“To practice leadership, you need to accept that you are in the business of generating chaos, confusion, and conflict.”
– The Practice of Adaptive Leadership: Tools & Tactics for Changing Your Organization and the World, by Ronald Heifitz et al
Technical change can be successfully executed with knowledge, skills, and expertise that already exist within the organization. The problem to be solved is clear, the solution can be provided by an expert, and resolution comes relatively easily. Technical change requires management.
Adaptive change requires an organization to think differently, question the status quo, and, in order to be successfully executed, it often requires a paradigm shift. The problem to be solved is hard to discern, the solution requires new learning and thinking, and that solution cannot be provided by the leader or expert – in order to be lasting, it must come from within the organization. Adaptive change is not easy. And it is often messy. Adaptive change requires leadership.
I was introduced to this model of change in a leadership seminar that was built around Leadership on the Line: Staying Alive through the Dangers of Leading by Ronald Heifitz and Marty Linksy. If you are leading through change, and I believe we all are, I encourage you to check out their work. For me, it has been incredibly useful as I seek to continually learn and grow as a leader.
Learning to recognize technical and adaptive challenges, and lead accordingly, is essential for success – and sometimes it is hard to tell the difference.
Just after I came on board as Director, I started a process with staff to review and revise our key policies and procedures. One area we attacked was our fines and fees schedule and borrowing limits. In my mind, this was a technical challenge – we needed to lower our fines, raise our borrowing limits, streamline our fee schedule, and abandon outdated borrowing policies. No big whup, we’d knock it out in an afternoon meeting.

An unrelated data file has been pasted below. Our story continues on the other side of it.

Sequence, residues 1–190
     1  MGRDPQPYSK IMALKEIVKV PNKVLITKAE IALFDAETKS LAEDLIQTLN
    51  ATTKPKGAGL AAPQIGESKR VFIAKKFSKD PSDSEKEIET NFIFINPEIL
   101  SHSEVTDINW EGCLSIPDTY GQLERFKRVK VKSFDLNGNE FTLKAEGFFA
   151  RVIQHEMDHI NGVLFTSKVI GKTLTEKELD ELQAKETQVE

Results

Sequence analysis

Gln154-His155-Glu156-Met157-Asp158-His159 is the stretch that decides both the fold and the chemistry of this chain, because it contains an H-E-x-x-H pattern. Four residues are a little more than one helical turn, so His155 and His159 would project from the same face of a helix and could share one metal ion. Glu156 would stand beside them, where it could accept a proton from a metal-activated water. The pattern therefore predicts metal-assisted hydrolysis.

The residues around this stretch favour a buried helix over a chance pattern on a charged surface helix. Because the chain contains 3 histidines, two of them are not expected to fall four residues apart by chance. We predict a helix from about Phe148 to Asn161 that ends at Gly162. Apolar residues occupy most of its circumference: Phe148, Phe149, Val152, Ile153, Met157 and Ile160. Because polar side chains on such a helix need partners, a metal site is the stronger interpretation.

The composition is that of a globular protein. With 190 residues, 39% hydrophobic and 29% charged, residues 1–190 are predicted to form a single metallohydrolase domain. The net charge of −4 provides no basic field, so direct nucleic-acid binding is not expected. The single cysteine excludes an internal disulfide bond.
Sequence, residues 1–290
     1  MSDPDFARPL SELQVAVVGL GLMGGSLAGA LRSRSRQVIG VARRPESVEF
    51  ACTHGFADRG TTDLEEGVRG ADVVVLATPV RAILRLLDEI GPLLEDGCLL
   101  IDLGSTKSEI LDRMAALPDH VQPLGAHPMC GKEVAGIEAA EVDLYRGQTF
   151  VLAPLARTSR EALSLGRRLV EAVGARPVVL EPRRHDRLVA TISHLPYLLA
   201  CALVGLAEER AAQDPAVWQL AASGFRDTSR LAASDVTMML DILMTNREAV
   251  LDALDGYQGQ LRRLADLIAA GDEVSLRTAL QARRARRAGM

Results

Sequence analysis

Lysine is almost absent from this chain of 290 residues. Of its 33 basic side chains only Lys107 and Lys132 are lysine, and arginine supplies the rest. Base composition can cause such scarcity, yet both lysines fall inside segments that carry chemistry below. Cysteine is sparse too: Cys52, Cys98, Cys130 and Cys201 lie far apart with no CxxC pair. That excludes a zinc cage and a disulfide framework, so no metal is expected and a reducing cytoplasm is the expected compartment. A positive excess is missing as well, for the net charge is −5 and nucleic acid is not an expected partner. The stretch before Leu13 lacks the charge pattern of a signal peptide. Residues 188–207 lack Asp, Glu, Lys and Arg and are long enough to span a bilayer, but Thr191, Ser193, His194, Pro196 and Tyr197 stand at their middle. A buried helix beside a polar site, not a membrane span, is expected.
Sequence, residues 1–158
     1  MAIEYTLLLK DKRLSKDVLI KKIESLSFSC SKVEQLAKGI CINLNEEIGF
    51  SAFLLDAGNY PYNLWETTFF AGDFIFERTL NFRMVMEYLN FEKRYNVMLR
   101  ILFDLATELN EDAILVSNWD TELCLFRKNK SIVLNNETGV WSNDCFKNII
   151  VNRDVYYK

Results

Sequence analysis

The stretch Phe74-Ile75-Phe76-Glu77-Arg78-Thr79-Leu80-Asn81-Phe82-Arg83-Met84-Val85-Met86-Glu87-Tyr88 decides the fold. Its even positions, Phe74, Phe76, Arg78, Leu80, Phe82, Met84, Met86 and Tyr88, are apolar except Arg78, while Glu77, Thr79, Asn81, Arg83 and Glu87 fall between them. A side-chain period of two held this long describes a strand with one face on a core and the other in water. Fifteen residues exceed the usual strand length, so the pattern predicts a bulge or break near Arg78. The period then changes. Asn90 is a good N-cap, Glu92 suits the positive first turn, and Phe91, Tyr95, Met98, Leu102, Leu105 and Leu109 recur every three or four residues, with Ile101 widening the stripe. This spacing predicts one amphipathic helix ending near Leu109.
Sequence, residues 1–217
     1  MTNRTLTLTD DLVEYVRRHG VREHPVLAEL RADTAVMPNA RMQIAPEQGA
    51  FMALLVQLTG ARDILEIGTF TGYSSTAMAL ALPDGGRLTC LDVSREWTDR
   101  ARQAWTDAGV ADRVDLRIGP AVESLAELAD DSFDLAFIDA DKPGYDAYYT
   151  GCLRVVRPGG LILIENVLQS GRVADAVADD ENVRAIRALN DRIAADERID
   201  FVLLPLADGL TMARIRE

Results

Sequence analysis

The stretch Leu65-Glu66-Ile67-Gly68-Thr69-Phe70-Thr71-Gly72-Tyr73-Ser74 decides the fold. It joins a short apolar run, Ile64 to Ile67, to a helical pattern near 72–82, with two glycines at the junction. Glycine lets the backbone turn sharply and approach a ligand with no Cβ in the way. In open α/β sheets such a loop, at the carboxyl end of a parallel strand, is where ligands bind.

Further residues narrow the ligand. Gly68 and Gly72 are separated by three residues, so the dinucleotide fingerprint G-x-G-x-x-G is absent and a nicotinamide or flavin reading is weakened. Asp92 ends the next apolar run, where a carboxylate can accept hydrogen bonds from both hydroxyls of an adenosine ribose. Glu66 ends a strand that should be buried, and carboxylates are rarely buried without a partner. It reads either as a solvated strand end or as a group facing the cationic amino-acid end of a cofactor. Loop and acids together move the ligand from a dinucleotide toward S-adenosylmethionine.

Weeks later, as the meetings got longer and the questions got deeper and the conversations a little heated, I realized that this was a very different challenge than what I had first thought. There were opposing mindsets, competing values, and neither the problems nor the solutions were easily discernible.
The previous mindset was “We have to limit people to five items on their first checkout, otherwise they might check out fifty items and never bring them back.” The new mindset I was trying to implement was “Let’s increase access and decrease barriers wherever possible. Let’s trust people and focus on how we might help them, not how we might punish them.” The distance between the two was greater than I thought.
I had not been to the leadership seminar yet – and was not aware of Heifitz and Linsky’s work. Had I known then what I know now, I would have realized earlier on that this was an adaptive challenge, not a technical one. I would have spent less time trying to bend people to my way of thinking, and more time exploring theirs. Much sooner, I would have stopped trying to find someone to just change the darn loan rules in the ILS and started finding ways to define problems and explore solutions together. I would have understood that I didn’t need to manage the technical change, I need to lead through an adaptive challenge.
Chaos, confusion, and conflict were definitely generated. But in the end, we didn’t come out with just a new set of loan rules and a revised fee schedule. We came out with the beginnings of a new organizational mindset, one that is indeed less punitive, more empowering, and more positive.
Do I wish I knew then what I know now? Sure. Perhaps the chaos, confusion, and conflict would have been reduced. But in the end, that triumvirate is always present during times of change, especially with adaptive change.
I find frameworks like Heifitz and Linksy’s to be those very tools and tactics we need to have on hand, whether we are changing the library or the world.
Are you familiar with their work? Have you faced an adaptive challenge? I’d love to hear about it.